ZMBABWE – Hildegarde The Arenan apart from satisfying readers’ information demands, one aspect that made my job very exciting in yesteryears was the book selection process, what we technically called collection development.
So important was the task that if you were responsible for collection development, not only were you expected to spend the few tax dollars wisely, but the outcome was supposed to be equally satisfying.
You were expected to come up with a quality collection — a collection that would satisfy the information needs of a diverse group of users for a long time.
Thus we selected carefully, “weighing against need, need against resources, resources for new materials against need to maintain old materials.”
Ordering and/or buying the materials was equally rigorous. You would not buy a book just because its cover design was good, nor could you spend taxpayers’ money on books with “sexy” titles when the contents were trash. You could not buy a book just because it was written by a renowned author. The expert reviews were the best guides.
The same applied to newspapers and other journals, although newspaper subscription then was not a big deal because the titles collected by every library were from the Zimpapers stable since it was the only one on the market.
When new titles came on board, from ANZ (Daily News), AMH (Zimbabwe Independent and others), SAPPHO (Zimbabwe Mirror and others), you did not rush to subscribe because they had to satisfy the rigorous demands set out under the library’s collection development policy.
The Internet has made everything different, but that does not mean we are now a paperless society.
This writer is pointing out some of these fundamentals because it is untenable that a daily newspaper should day-in, day-out run more or less the same lead story and picture.
We understand the amount of pressure that the media has put on former Vice President Joice Teurai Ropa Mujuru, pressure to “come out of the closet” and challenge Zanu-PF and President Mugabe in particular, but if some of these newspapers realised that they were business entities, they would see the amount of disservice they are doing to their readers.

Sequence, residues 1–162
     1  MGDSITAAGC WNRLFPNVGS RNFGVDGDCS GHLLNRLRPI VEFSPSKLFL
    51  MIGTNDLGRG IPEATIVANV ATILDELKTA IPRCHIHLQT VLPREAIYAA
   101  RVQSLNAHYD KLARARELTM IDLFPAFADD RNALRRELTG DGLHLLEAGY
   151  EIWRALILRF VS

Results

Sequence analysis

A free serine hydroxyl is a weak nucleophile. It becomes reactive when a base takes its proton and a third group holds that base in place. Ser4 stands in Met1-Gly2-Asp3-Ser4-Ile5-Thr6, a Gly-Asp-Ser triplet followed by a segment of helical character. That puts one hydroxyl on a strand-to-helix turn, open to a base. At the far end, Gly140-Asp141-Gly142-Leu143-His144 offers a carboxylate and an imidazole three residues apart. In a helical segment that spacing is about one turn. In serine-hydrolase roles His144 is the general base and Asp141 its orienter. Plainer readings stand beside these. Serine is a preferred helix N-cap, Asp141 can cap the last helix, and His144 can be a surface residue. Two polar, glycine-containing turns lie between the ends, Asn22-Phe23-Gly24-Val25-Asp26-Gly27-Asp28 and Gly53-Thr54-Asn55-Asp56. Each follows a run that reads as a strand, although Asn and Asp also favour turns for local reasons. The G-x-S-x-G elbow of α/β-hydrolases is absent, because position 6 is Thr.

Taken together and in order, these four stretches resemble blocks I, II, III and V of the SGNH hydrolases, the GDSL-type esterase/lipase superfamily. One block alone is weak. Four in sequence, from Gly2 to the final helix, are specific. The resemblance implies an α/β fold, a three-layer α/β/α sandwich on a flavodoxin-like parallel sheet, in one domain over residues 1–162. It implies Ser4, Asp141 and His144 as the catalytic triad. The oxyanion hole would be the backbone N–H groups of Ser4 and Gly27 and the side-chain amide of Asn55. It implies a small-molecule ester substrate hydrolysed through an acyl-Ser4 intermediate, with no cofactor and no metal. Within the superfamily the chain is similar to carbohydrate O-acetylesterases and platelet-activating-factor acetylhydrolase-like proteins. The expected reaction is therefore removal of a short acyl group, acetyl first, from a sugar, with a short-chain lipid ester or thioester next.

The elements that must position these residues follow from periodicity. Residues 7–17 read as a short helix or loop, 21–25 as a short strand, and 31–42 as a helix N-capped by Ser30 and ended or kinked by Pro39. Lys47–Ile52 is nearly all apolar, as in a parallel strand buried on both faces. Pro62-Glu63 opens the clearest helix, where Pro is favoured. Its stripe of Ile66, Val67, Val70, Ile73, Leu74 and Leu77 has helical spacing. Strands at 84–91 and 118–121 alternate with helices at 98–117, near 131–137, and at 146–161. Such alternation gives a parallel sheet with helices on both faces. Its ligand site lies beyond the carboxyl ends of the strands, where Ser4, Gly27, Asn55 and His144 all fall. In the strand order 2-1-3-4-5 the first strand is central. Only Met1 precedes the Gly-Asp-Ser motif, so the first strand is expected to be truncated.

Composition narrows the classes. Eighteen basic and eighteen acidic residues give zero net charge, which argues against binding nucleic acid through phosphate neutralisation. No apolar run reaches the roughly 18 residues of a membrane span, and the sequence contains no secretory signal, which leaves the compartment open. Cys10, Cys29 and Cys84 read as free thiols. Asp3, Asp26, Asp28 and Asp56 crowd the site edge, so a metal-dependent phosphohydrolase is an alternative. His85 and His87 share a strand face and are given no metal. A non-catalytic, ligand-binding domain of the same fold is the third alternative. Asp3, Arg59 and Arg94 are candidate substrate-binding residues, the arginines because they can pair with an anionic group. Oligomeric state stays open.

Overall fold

The collection development concept came into this writer’s mind because in as much as Dr Mujuru is a public figure and story material, was it necessary for NewsDay to make it look like their daily issues were weekly issues?
I asked myself whether I would part with the organisation’s money if a whole row of newspapers has somewhat similar headlines and pictures.
Of course, Mujuru is not the first one. President Mugabe, the First Lady, VP Emmerson Mnangagwa have also been treated like they were a single story that could be told ad nauseum. The very media houses that complain about bread and butter issues cannot have page 1 stories that indicate their seriousness about the issue, instead of the personality cultic syndrome they display?
Before the Mujuru, Mujuru and Mujuru ship started sailing, it was VP Mnangagwa. On September 4 NewsDay had, “Mnangagwa offside: Msipa”; and on September 7 it was “Moyo dares Mnangagwa.”